Industry Survey Comparisons

Industry Survey Comparisons

Many of our readers are familiar with our annual survey. Those of you who filled out the questionnaire for the 2013 survey have already received your complimentary copy. Many of the responses are quite interesting and informative. We will be printing some of the questions and responses, and adding our comments to them. What we have done is returned to previous surveys going back to 1978. In those days we had someone collect and process the data from our 50 + offices. We don’t mean to bring up the past, but some of the comparisons are interesting.

The following are issues we have discussed before, but they are still very important and critical to success.

Quantity of Listings

Lets start with the number of listings in an office. (We will consider a sole practitioner as having an “office” regardless of where it is.)

In 1978, our average office had at least 6 agents. Each office was managed by either an additional manager or, in some cases, by one of the six agents. Most of our managers were in production also and worked on an override of the office sales.

In 1992 our offices got, on average, 19 new listings per month; 28% of the offices got 25 new listings per month. In 1992 the average agent got 10 new listings per year.

In 2012, each office had 34 listings at the end of the year. In 2013, each office had 35 listings at the end of the year.

The offices in 1992 had over 200 listings at the end of year based on an average 120-day listing period.

This obviously begs the question, “But what about quality?” Did the offices in 1992 take bad listings? Sure, some were and no doubt the listings taken today are better priced, etc. In 1992, there was little, if any, outside financing, so the down payment was more of a consideration than the full price.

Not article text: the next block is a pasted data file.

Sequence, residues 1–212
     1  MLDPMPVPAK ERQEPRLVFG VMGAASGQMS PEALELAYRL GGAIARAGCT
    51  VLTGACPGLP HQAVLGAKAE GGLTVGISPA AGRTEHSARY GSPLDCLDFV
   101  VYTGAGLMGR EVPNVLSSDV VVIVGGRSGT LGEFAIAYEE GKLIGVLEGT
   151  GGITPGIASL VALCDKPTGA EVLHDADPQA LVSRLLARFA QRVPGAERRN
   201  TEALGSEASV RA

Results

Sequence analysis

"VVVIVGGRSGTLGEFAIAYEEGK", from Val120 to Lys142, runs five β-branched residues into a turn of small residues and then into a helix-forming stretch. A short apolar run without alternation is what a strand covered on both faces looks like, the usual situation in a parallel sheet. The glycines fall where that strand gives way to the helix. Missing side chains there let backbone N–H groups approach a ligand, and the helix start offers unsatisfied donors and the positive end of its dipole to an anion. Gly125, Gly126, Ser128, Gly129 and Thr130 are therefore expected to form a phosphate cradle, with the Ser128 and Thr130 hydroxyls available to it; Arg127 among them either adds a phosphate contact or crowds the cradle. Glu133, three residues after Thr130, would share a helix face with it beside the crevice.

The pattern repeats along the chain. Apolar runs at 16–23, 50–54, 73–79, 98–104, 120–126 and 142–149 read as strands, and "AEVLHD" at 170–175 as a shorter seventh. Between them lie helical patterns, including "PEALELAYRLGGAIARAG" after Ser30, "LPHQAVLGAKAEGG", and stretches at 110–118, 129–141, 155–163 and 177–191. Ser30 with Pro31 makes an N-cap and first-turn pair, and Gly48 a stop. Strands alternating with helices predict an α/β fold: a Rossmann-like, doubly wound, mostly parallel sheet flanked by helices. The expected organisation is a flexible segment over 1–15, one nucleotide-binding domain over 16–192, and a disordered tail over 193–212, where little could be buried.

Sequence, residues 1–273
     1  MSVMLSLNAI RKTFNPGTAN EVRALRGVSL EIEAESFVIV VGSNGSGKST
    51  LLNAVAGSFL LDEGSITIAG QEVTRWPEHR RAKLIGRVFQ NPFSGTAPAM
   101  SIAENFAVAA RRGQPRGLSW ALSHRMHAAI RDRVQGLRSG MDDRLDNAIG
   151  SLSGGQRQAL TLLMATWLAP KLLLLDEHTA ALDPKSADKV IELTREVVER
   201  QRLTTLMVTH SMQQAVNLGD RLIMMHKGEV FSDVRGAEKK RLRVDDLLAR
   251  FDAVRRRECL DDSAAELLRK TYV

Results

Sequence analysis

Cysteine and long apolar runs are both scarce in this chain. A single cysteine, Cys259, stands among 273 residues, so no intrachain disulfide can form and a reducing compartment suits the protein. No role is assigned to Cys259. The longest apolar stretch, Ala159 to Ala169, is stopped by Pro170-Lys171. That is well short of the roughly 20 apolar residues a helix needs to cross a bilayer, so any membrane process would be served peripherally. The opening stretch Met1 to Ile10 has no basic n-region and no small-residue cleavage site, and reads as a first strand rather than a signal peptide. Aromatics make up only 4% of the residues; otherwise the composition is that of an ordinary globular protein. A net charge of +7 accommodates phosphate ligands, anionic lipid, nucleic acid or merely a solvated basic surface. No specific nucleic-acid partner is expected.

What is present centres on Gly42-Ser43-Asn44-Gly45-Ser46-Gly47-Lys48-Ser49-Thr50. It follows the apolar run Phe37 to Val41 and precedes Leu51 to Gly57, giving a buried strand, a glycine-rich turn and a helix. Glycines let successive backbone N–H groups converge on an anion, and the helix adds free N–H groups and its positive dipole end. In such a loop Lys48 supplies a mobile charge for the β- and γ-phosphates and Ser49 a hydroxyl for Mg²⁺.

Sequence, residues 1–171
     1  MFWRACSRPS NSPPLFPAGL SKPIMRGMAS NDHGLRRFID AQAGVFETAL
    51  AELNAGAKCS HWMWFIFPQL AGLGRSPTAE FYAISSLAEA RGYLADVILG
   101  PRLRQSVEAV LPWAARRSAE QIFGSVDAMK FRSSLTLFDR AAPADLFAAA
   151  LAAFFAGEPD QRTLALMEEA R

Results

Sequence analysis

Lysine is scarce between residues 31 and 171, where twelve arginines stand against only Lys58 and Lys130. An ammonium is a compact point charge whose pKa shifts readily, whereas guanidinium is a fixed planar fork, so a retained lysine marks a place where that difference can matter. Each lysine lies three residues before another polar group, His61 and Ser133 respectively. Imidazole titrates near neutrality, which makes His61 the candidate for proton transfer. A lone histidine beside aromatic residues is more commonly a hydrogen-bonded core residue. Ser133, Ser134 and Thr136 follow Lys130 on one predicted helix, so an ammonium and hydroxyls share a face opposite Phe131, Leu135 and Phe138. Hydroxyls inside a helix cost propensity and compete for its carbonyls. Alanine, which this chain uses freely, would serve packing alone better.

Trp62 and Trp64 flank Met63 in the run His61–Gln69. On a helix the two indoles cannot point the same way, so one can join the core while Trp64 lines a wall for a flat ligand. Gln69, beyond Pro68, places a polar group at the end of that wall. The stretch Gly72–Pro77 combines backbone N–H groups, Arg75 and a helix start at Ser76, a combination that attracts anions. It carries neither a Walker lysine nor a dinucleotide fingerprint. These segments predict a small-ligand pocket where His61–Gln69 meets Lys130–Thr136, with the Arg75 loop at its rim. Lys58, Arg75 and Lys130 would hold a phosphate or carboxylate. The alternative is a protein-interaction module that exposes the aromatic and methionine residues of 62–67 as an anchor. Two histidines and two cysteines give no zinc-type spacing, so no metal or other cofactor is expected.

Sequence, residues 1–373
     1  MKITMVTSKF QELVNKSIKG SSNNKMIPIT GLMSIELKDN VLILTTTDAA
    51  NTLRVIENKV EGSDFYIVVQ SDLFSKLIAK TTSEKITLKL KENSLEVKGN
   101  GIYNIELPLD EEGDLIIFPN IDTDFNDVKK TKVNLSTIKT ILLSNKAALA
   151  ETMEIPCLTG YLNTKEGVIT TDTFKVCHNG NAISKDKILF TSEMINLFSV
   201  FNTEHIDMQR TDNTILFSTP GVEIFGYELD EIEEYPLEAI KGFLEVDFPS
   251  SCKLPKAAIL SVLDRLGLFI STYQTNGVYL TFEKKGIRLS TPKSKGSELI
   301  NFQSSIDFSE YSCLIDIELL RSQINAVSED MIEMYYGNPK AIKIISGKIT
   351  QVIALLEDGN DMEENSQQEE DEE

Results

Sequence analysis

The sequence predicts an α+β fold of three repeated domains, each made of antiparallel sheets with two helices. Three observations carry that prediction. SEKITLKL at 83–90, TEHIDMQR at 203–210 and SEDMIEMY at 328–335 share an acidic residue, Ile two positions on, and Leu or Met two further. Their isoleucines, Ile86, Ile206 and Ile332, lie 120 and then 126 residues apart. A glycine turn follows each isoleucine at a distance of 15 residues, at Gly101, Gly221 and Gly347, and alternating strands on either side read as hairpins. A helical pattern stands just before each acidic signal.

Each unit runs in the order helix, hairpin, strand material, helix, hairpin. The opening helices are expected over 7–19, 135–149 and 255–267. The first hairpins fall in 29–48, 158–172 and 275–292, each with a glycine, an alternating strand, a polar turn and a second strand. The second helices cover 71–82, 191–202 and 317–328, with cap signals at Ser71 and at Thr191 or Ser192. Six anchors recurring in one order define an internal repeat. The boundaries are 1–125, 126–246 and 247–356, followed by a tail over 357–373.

What are the pluses of lots of listings?

More variety for buyers to see AND more comparisons

There is an old adage that a large percentage of buyers buy a business completely different than what they asked about initially. I can tell you from years of experience that what a business buyer likes and what a businesses buyers buys is completely different than what I would have predicted. What we think is a great business may not be what the buyer thinks is a good business. I also believe that, despite all the talk that buyers are only interested in the numbers, most really buy for other reasons – location, ambiance, pride  of ownership, plus all of the reasons we are told – “hate working for someone else”, “want to  be my own boss”, etc. When you have three or four sandwich shops, you stand a better chance of selling one than if you only have one to show.

What are the pluses of having a limited number of listings?

They all are better priced than just taking the listing. They all make sense. If a buyer likes one, you have a better chance of selling it, because the numbers will generally work – one would hope!

So, who’s ahead? The office that is selling one out of three listings or the one selling one out of five? This is all about the ratios! If we divide 200 by 5, that’s about 40 sales. If we divide 35 by 3 – that’s about 12 sales.

A good business broker should be able to get a lot more listings that 8 to 10 a year, even doing a work-up on each, etc. Listings represent inventory – that’s what we sell. Let the buyer decide what he or she thinks is a good business.

Exciting News: A New Business Brokerage Website Is on the Horizon! Keep an Eye Out for Updates.